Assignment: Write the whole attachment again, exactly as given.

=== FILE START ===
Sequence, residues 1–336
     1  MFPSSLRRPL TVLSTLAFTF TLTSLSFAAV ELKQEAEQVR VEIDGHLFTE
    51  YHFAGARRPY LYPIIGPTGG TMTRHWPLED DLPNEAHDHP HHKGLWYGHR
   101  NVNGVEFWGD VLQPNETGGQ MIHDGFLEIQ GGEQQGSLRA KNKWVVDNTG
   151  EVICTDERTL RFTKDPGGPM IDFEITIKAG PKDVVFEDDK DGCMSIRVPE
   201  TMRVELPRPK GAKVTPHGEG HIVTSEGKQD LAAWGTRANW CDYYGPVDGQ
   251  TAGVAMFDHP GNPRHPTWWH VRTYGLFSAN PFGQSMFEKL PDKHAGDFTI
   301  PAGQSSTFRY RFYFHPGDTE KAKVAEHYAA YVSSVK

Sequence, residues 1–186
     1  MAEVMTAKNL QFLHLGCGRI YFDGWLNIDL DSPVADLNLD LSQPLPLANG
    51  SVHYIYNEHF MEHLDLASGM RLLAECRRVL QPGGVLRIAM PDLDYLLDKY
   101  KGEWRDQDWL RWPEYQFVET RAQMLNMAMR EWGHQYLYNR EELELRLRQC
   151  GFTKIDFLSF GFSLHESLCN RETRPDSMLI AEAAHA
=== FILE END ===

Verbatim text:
Sequence, residues 1–336
     1  MFPSSLRRPL TVLSTLAFTF TLTSLSFAAV ELKQEAEQVR VEIDGHLFTE
    51  YHFAGARRPY LYPIIGPTGG TMTRHWPLED DLPNEAHDHP HHKGLWYGHR
   101  NVNGVEFWGD VLQPNETGGQ MIHDGFLEIQ GGEQQGSLRA KNKWVVDNTG
   151  EVICTDERTL RFTKDPGGPM IDFEITIKAG PKDVVFEDDK DGCMSIRVPE
   201  TMRVELPRPK GAKVTPHGEG HIVTSEGKQD LAAWGTRANW CDYYGPVDGQ
   251  TAGVAMFDHP GNPRHPTWWH VRTYGLFSAN PFGQSMFEKL PDKHAGDFTI
   301  PAGQSSTFRY RFYFHPGDTE KAKVAEHYAA YVSSVK

Sequence, residues 1–186
     1  MAEVMTAKNL QFLHLGCGRI YFDGWLNIDL DSPVADLNLD LSQPLPLANG
    51  SVHYIYNEHF MEHLDLASGM RLLAECRRVL QPGGVLRIAM PDLDYLLDKY
   101  KGEWRDQDWL RWPEYQFVET RAQMLNMAMR EWGHQYLYNR EELELRLRQC
   151  GFTKIDFLSF GFSLHESLCN RETRPDSMLI AEAAHA